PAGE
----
election pix

Election signs on display in front of the Wheatland Municipal Building voting precinct Tuesday.

IF Election Day is an opportunity to allow our voices to be heard, Mercer County shouted this time.

Initial figures released Wednesday by the county department of Voter Registration and Elections indicate 62.52% of the county’s registered voters cast ballots, either by mail-in ballot or in person Tuesday.

In raw numbers, 45,221 people cast ballots, from a pool of 72,335 registered voters. And the participation figures stand to only increase as the department counts provisional and overseas ballots in the coming days.

That’s the highest turnout rate for a midterm election in at least 16 years, according to the department’s online database. And second place, 58.21% in 2018, is about 4,000 ballots behind this year’s as-yet-incomplete figures.

In order to have an apples-to-apples comparison, we have to judge this year’s election against prior midterms — 2018, 2014, 2010 and 2006. By the same standard, we need to compare like elections with like elections.

Every four-year election cycle includes a presidential election, a municipal election that includes countywide financial offices, a mid-term election and a municipal election with countywide law enforcement and administrative posts.

The second election — municipal with financial county offices including controller and treasurer — typically has the lowest turnout in each cycle. Turnout in 2021, the most recent financial office election, was 33.85%.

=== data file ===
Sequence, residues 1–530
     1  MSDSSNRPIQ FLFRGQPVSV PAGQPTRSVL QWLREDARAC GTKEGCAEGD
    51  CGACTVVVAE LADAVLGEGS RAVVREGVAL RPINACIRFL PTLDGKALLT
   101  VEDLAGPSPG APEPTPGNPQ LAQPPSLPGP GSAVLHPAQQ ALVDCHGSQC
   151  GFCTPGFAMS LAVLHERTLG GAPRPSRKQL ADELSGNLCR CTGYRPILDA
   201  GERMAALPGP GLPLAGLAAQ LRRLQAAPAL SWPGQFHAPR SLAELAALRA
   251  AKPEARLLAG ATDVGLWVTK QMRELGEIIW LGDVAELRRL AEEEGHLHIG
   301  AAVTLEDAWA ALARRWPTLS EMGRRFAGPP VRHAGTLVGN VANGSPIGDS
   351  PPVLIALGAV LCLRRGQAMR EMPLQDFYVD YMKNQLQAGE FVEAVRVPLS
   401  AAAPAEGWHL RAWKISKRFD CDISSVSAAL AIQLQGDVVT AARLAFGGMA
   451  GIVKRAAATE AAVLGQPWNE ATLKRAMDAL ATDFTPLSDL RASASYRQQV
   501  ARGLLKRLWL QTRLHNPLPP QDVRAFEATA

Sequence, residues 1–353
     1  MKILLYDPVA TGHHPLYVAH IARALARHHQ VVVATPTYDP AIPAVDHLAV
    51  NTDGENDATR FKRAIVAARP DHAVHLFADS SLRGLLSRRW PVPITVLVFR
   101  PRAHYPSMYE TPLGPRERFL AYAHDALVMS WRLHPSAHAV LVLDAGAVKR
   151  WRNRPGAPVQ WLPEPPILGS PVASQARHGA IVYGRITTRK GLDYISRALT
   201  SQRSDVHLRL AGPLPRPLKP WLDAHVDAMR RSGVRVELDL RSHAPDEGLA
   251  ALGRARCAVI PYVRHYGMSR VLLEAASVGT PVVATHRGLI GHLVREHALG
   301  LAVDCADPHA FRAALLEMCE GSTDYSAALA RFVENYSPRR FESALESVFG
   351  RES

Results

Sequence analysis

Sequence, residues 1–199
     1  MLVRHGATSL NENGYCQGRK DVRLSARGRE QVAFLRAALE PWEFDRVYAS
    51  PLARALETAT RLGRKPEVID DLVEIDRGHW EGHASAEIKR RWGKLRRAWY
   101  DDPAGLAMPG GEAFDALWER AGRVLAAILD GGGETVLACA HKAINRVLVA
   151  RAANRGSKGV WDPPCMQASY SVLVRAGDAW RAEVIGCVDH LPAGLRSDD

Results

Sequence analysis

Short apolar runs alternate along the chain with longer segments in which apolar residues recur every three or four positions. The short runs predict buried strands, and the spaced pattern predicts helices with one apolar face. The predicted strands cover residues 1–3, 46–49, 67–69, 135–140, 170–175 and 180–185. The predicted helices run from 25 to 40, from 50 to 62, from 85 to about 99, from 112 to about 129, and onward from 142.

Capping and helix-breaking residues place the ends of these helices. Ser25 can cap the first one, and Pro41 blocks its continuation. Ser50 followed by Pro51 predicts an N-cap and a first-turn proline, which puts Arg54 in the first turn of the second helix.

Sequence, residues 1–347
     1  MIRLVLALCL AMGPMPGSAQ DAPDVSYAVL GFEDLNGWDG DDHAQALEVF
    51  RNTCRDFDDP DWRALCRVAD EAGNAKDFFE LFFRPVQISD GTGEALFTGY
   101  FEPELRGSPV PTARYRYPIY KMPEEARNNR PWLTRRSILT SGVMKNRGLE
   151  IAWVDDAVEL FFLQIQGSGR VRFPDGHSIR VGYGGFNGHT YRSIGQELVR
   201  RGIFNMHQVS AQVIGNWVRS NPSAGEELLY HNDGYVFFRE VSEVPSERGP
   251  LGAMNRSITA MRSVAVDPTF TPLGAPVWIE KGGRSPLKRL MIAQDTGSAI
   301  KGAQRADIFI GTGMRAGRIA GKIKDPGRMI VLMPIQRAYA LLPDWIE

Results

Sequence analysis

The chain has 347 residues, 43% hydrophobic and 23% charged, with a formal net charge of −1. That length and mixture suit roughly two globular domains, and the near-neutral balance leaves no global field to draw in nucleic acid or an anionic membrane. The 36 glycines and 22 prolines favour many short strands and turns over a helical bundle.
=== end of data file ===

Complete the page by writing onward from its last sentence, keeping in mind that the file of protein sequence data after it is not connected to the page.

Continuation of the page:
But that was only 0.14 percentage points lower than 2019’s administrative countywide election, which includes county commissioners and district attorney. The administrative election is coming up again next year, and we can reasonably expect a turnout rate in the high 30s or even low 40s.

We can expect that because has been growing across all four elections in each cycle. Turnout for the 2022 midterms was higher than that in 2018, which was higher than 2014’s turnout.

Same with both sets of municipal elections, and the presidential elections.

From 1952 through 2016, voter participation, as a percentage of total population, in presidential elections stagnated within a few percentage points of 40%, according to the United States Election Project.

Presidential election turnouts 48% in 2020, an increase of six percentage points from four years earlier.

Voter participation, after being on the decline for years, is rebounding, which is a positive development — the more of us who cast ballots on Election Day, the more likely it is that we’ll have a republic that represents the hopes and desires of the people.

It’s difficult to deny that politics across the United States has become divisive.

As we put another election in our rear-view mirror, it’s worth reaching out to those on the other side and put some effort into building bridges.

Because the division, the demonization of those who disagree with us can be a greater threat than the ideas either side embraces.

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